Treatment: If you’re traveling to an area where malaria is endemic, you’ll need to take prescription medication before, during and after your trip. See a knowledgeable travel medicine expert—you can find one near you at the website of the International Society of Travel Medicine ( The type of medication you’ll be given depends on your specific health issues and other medications you may be taking.

West Nile Virus. The leading cause of mosquito-borne disease in the continental US, West Nile Virus most often causes no symptoms at all but in rare cases can lead to neurological symptoms and even death. The Culex mosquito carries West Nile and typically feeds from evening until morning.

Where you can get it: North America, Africa, Europe, the Middle East and west and central Asia.

Symptoms: Eight out of 10 people have no symptoms. One in five may develop fever, headache, tiredness, nausea, vomiting, swollen lymph glands and rash. About one in 150 people develop serious symptoms, including high ­fever, neck stiffness, disorientation, coma, tremors, convulsions, muscle weakness, vision loss, numbness and paralysis.

Zika Virus. This virus is primarily a risk for pregnant women, those considering pregnancy and their partners because it can cause serious birth defects. People in these categories should not travel to areas where Zika can occur. Most people, however, don’t get sick or have only mild symptoms. The same mosquitoes that carry chikungunya and dengue transmit Zika, biting both day and night.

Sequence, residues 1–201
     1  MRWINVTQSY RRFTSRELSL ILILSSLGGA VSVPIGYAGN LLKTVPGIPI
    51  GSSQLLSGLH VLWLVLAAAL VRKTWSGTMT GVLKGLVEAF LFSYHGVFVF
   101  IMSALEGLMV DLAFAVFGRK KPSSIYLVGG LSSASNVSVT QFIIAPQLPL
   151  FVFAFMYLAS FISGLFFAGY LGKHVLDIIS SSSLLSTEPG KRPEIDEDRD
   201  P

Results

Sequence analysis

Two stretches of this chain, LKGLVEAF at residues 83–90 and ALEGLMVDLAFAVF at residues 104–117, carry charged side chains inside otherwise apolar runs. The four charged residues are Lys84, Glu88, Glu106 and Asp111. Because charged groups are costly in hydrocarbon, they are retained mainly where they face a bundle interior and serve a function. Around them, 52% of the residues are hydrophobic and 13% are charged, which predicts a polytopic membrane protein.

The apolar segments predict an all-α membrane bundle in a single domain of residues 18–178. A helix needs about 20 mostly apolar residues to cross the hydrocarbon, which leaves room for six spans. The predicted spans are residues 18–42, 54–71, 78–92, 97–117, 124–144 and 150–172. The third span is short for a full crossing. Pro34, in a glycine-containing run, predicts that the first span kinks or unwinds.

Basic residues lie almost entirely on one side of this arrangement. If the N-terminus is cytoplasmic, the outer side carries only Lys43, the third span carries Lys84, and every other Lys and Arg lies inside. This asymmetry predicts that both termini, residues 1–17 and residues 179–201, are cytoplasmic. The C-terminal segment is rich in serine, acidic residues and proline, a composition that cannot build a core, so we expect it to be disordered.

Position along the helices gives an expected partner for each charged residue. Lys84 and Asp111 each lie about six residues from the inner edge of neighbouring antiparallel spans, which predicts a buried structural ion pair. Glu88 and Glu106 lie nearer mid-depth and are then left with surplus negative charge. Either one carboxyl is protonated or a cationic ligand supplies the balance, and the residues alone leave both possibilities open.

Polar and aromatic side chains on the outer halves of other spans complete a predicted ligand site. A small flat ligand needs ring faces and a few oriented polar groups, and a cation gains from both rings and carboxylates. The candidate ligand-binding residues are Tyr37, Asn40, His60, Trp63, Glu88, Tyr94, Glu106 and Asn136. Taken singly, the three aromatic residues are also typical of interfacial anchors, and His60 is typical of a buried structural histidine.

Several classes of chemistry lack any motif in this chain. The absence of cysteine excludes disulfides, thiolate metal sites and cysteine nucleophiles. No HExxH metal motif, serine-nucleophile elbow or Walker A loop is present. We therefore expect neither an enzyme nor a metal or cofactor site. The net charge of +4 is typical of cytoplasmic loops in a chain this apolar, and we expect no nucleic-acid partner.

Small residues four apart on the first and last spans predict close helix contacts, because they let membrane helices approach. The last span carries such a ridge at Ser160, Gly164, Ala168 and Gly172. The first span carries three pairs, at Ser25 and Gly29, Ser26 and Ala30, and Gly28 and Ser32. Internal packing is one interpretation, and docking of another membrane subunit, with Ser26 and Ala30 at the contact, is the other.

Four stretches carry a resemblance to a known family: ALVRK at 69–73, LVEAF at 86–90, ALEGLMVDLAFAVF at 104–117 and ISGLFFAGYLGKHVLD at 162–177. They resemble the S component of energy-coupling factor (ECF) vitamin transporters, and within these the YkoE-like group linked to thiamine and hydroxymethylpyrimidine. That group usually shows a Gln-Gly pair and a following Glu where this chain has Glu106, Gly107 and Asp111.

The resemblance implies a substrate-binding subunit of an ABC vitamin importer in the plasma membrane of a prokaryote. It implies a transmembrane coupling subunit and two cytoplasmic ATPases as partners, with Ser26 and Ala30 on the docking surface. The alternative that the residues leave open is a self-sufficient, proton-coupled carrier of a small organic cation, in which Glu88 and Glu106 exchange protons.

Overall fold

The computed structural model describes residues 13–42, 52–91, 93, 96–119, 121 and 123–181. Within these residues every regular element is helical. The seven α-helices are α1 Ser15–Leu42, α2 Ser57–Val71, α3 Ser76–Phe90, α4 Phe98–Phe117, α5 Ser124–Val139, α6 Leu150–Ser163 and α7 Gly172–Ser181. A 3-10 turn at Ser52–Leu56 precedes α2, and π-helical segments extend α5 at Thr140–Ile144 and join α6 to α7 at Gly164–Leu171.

Where you can get it: The Caribbean, Central and South America, Southeast Asia. In the US, there have been cases in more than a dozen states in the last few years. 

Symptoms: Fever, rash, headache, joint and muscle pain, conjunctivitis, lasting a few days to a week. 

5 Natural Ways to Repel Mosquitoes

Here are some nonchemical ways that you can ward off these bloodsuckers… 

Fragrance-free products. Mosquitoes may be attracted to scent, so use as many fragrance-free products as possible including personal-care products such as lotions and soaps, laundry detergents and fabric softeners and cleaning products. Don’t wear perfumes or cologne.

Shower after exercising (with unscented soap). Mosquitoes are attracted to damp, sweaty skin as well as to the carbon dioxide and lactic acid that our bodies secrete when we are active.

Turn on an outdoor fan. Mosquitoes are notoriously bad fliers and will avoid breezy areas.

Dress to protect. In addition to wearing as much clothing as you can tolerate in the heat, choose light-­colored fabrics—particularly beiges and whites—because mosquitoes prefer dark colors. 

Wear sneakers and socks instead of sandals—mosquitoes love dirty, sweaty feet.